Lives and times: New art and architecture books

Reminiscing on what has transpired in or before our lives, this month’s picks of the new art, architecture and design books look at the legacy of some of the spaces, places and faces we have behind us. Some deal with temporary works of urban art in the capital; others, the creation of new history in the light of the old. Have a browse and enjoy.

Melancholy Wedgwood / Moon, Iris
“Melancholy Wedgwood is an experimental biography that traces multiple strands in the ceramic entrepreneur’s life to propose an alternative look at eighteenth-century England’s tenuous relationship to our own lives and times.” (Catalogue)

Here today, gone tomorrow : Wellington street art / Baird, Jaimie D.
“Four decades, 1200+ images. Art or vandalism, protest or social commentary – how you see street art depends on where you stand. Jamie Baird’s Here today gone tomorrow documents his 40-year fascination with these ephemera as “a testament to human imagination, innovation and cultural diversity. Whatever you make of it, this book’s riot of colour and off-beat street images cements Wellington’s reputation as “one of the coolest little capitals in the world.” (Catalogue)

The house of green : natural homes and biophilic architecture
“In the search for the sweet spot where nature and modern-day living meet, The House of Green delivers solutions for a perfect blend of both worlds. Longing for nature is no strange feeling for anyone. The House of Green is a collection of the most stunning architecture and interiors incorporating nature in their designs, that explores the benefits of this approach to homes, workplaces, and more. Whether you are a design lover looking to revamp your home or a designer searching for new professional solutions, we invite you to dive in and fully experience The House of Green.”  (Adapted from Catalogue)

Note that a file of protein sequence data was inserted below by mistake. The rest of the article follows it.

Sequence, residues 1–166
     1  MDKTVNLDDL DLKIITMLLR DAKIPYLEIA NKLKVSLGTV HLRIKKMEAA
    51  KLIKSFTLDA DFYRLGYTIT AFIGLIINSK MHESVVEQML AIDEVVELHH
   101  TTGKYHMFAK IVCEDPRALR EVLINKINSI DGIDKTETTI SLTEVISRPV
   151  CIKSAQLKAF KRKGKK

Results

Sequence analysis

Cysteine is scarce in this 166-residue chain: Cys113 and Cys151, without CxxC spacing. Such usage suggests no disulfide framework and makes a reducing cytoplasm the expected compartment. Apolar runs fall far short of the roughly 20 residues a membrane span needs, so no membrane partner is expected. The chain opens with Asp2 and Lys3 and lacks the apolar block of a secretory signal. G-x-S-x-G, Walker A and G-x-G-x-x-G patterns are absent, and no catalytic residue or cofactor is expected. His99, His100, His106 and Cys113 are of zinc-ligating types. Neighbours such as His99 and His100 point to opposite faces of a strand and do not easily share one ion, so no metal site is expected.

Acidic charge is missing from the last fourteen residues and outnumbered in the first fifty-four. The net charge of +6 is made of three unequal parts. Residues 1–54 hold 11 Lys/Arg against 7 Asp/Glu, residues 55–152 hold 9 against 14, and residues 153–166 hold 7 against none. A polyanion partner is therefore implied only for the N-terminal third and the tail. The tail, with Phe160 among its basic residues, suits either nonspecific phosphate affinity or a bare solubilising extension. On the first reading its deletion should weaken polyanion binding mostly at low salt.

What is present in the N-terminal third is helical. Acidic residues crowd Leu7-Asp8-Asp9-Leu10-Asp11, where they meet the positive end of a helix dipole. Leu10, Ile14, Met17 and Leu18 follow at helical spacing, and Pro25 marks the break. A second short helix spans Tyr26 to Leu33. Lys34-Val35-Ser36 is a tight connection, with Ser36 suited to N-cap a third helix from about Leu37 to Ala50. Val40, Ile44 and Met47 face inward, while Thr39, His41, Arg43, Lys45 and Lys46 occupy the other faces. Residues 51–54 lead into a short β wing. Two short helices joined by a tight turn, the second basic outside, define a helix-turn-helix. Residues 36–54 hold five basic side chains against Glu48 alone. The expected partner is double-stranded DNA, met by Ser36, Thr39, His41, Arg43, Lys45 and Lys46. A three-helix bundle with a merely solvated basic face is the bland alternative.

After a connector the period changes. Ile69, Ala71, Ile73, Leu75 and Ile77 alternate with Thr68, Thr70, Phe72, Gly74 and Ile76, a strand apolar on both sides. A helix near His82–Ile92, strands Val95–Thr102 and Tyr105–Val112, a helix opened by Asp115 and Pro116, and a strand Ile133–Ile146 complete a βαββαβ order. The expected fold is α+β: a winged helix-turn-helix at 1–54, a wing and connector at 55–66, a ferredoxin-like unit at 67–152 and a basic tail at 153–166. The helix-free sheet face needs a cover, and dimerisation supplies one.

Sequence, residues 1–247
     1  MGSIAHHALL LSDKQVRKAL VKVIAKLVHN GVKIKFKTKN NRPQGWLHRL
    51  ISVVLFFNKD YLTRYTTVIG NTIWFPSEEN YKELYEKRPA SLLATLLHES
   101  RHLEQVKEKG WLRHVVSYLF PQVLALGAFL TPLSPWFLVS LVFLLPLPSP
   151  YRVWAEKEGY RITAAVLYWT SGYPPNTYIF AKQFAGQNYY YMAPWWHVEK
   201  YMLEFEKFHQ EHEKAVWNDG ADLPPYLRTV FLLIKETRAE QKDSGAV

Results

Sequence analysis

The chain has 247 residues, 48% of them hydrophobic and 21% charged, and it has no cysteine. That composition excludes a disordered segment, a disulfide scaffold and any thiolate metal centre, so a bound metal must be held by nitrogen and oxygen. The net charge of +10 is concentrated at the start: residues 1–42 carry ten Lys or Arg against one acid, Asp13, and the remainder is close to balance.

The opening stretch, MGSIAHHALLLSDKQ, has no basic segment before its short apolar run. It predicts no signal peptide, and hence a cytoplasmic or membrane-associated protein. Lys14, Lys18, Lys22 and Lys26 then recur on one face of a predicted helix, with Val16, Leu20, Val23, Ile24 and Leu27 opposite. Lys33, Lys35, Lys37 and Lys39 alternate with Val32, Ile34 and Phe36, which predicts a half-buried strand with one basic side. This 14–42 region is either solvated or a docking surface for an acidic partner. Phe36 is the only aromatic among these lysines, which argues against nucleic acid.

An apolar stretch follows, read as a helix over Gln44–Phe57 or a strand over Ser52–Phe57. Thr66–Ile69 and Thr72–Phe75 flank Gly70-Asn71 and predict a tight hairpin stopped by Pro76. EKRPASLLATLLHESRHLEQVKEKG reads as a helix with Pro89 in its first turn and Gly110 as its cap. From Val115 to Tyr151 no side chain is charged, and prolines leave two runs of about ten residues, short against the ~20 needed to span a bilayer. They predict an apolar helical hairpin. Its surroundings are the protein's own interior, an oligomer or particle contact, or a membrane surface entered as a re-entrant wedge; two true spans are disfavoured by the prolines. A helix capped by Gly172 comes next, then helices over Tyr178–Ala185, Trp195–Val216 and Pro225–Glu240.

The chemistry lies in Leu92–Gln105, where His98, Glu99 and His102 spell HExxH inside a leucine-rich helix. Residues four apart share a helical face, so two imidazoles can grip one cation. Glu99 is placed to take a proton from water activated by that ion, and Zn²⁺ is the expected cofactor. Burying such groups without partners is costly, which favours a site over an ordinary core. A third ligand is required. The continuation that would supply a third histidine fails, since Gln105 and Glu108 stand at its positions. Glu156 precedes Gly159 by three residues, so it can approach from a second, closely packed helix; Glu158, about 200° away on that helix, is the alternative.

Station : a journey through 20th and 21st century railway architecture and design / Beanland, Christopher
Station is a celebration of modern railway architecture, from a brutalist signalbox in Birmingham to the futuristic snake-like footbridge at Koge Nord station in Denmark, taking in romantic station hotels, bustling interchanges and the latest railway innovations along the way.” (Catalogue)

Te Pae : the place where we meet / Pearson, Lizzy
“Te Pae is the iconic convention centre of Christchurch, built after the devastating earthquake of 2011. This limited edition book on Te Pae celebrates the building, the land that precedes it, and its people. The book’s narrative has been designed as a rite of passage, marking the collective transition from grief and rubble to urban beauty. All of its components and design details are imbued with symbolism and meaning, interweaving this ritual into the materiality of the book. ” (Adapted from Catalogue)

A different light : first photographs of Aotearoa
“From horses laden with mammoth photographic plates in the 1870s to the arrival of the Kodak in the late 1880s, New Zealand’s first photographs reveal Kīngi and governors, geysers and slums, battles and parties.  A Different Light brings together the extraordinary and extensive photographic collections of three major research libraries – Tāmaki Paenga Hira Auckland War Memorial Museum, Alexander Turnbull Library and Hocken Collections Uare Taoka o Hākena – to coincide with a touring exhibition of some of the earliest known photographs of Aotearoa.” (Adapted from Catalogue)

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